“If we don’t get the necessary waivers, this won’t go forward,” he said. “This was carefully planned and worded so Colorado can’t go into anything recklessly.”

The amendment has to provide the same level of coverage as the Affordable Care Act or better, the same benefits or better and at the same cost or less, Perkins said.

As for arguments that doctors would leave the state as it becomes inundated with sick people seeking free care, Aguilar said she’s heard them all.

“My husband is an intensive care doctor and very well paid under the current system. But there’s a moral discomfort of seeing people come in suffering from diseases who never should have gotten to this point,” she said. “It’s well worth the investment to do this in a more humane way.”

There will also be a residency requirement for ColoradoCare members, she added.

“They would have to come here and not get treatment for 6 months to a year,” she said, adding the board would determine that requirement. “In most cases, that would deter those who are considering moving.”

Perkins said the only state to border Colorado and expand Medicaid coverage was New Mexico, and that didn’t result in a flood of sick people coming to Colorado from Utah, Texas, Oklahoma or Arizona.

“There’s no evidence people have moved because of the availability of free health care,” he said, pointing to Saskatchewan as the sole Canadian province to offer universal care 60 years ago.

“It didn’t see an influx of sick people, but rather an influx of doctors because they saw it as a place of stability in health care and good for business,” he said.

“There was a desire for people around Canada to bring the same system to their province. That’s exactly what we think will happen in Colorado and the rest of the country. People won’t move, they’ll want it in their state.”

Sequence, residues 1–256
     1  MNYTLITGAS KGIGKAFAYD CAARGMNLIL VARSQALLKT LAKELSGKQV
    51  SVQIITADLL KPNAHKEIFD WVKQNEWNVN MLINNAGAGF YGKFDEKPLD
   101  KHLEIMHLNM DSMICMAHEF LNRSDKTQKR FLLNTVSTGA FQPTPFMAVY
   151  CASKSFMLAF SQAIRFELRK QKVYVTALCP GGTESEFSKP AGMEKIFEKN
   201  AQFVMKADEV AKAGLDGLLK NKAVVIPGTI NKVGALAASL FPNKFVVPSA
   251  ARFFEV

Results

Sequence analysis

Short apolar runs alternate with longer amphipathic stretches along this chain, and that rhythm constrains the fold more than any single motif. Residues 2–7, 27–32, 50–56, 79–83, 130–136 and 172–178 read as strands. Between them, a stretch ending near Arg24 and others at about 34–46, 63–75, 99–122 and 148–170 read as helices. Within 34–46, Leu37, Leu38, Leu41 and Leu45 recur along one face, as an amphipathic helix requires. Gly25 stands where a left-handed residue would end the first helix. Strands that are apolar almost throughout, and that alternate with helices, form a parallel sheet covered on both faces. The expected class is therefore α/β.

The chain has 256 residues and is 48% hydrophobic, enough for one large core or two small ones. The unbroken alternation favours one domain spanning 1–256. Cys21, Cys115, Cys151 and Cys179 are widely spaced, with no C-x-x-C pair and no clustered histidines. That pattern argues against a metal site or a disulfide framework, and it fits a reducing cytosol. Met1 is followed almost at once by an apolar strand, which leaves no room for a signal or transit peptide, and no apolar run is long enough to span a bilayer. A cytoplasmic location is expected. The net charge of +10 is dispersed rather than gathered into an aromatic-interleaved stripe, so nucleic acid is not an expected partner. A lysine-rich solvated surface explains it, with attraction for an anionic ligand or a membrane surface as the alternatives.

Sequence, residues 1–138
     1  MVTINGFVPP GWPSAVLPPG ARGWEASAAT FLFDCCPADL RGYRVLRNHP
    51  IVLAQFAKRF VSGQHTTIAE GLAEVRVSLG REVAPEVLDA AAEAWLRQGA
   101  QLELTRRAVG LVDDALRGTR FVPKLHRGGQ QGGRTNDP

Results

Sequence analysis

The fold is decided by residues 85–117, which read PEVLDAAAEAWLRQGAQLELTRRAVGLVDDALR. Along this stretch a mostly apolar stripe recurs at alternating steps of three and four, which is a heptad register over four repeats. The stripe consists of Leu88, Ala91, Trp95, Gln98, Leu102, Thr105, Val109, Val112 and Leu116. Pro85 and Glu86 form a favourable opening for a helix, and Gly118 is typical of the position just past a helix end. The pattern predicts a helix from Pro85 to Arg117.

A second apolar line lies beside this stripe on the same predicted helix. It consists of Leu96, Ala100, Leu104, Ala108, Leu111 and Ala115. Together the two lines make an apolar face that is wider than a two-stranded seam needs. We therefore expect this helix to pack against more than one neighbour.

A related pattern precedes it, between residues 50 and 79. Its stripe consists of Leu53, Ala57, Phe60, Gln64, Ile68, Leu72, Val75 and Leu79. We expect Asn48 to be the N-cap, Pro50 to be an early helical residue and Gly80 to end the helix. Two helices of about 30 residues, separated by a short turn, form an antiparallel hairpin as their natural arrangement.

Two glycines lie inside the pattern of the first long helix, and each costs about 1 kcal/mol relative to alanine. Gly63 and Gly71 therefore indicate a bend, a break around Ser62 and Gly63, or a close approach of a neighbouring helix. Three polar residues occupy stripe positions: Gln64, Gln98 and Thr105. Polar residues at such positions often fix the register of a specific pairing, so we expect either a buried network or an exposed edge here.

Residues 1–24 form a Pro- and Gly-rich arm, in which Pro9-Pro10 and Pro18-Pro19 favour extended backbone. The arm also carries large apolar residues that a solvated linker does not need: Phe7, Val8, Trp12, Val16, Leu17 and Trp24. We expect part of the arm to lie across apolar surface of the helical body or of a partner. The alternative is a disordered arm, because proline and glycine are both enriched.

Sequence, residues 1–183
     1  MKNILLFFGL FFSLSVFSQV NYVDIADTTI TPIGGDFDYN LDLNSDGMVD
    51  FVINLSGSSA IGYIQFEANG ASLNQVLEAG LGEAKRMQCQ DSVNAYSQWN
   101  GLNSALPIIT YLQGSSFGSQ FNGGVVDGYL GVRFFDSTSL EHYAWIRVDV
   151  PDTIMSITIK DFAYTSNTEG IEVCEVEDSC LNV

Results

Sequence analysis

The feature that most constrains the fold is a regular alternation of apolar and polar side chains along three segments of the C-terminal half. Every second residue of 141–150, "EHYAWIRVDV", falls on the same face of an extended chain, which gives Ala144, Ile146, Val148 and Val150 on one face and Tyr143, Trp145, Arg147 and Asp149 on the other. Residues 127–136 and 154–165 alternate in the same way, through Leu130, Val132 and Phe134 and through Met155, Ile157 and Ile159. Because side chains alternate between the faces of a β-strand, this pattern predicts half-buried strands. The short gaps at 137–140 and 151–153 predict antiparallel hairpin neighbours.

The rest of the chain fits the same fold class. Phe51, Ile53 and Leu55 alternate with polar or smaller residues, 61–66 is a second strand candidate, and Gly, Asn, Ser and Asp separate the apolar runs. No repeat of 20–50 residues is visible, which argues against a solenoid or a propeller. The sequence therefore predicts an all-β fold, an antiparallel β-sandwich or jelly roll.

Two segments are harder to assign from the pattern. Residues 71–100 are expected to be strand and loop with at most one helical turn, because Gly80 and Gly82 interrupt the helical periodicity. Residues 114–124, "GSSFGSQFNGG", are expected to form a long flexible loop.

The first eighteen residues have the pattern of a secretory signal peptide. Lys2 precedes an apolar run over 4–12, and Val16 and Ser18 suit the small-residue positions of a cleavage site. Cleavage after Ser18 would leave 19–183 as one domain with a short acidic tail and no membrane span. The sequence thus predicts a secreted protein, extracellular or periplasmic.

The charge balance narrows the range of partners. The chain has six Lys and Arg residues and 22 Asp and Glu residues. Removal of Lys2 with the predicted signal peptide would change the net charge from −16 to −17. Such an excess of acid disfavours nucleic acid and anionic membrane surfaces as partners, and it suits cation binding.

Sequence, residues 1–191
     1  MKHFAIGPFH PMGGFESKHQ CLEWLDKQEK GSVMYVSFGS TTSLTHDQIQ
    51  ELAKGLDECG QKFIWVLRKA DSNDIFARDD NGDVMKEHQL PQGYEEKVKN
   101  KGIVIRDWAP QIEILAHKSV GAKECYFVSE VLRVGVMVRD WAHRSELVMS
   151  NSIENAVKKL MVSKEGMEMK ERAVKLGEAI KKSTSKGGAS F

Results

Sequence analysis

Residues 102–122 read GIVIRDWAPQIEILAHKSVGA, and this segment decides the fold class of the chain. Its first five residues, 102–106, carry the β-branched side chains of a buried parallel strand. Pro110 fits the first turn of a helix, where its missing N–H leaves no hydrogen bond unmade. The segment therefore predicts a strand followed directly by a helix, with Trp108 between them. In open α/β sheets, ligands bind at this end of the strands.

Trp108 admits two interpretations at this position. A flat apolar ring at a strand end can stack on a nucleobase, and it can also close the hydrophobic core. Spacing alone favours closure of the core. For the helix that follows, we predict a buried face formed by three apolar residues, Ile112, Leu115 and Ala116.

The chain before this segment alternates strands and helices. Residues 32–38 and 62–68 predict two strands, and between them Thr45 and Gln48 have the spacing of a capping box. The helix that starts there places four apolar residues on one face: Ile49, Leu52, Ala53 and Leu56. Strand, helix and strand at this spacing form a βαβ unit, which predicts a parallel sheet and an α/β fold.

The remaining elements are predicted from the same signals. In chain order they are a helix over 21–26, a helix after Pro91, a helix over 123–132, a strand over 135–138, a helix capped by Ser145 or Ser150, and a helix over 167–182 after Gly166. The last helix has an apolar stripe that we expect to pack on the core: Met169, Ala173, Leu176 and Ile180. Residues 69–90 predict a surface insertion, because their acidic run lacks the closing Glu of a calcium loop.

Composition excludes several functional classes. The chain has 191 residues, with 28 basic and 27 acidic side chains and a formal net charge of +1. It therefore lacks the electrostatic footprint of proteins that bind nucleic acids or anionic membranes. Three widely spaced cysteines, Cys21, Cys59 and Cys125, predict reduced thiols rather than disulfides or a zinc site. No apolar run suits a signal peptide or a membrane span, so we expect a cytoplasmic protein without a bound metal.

Regarding the November election, Perkins said he is “very confident” the amendment will pass.

“Every poll we’ve seen, whether ours or independent opposition, gives us the winning majority.”


That winning majority is what concerns Colorado Springs Forward, a local group of business people who are active in the political arena. Executive Director Amy Lathen said the organization is “very much opposed to Amendment 69 and will do whatever we can to partner with the state and folks working locally to oppose it.”

Lathen said the amendment is “bad in every way. The tax increases proposed are very large and will kill business. … The bottom line is, it will drive business out of Colorado, and not just existing businesses, but it will hurt our ability to recruit businesses both locally and to the state.”

Despite progressive groups opposing the amendment, Lathen said Colorado Springs Forward “doesn’t take anything for granted. We assume this will pass, and we will behave accordingly.”

Jonathan Lockwood, a political lobbyist and executive director of Advancing Colorado, a conservative, free-market nonprofit, has debated Aguilar and the merits of ColoradoCare in the past. Lockwood didn’t mince words.

“Advancing Colorado is happy to see a wide-range opposition coalition because we were at the tip of the spear fighting ColoradoCare and their deception,” he said.

“Coloradans do not want to see women’s rights, vulnerable populations and Millennials exploited by RomneyCare advocate State Sen. Irene Aguilar’s killer proposal. ColoradoCare could literally kill women, kill children, kill senior citizens and we must avoid passing this dangerous single-payer agenda. Amendment 69 lied to get in the election and they will lie to get in the constitution.”

“That’s so ridiculous,” Aguilar responded, citing National Academy of Sciences statistics.

“Five hundred and thirty five people die every year in Colorado because they can’t access medical care due to no insurance or they are underinsured. About 6.7 percent of Coloradans are uninsured — that’s about 400,000 people. … Around 16.5 percent who have insurance can’t afford to use it.

“It’s a lack of access kills them,” she said. “That’s bollocks.”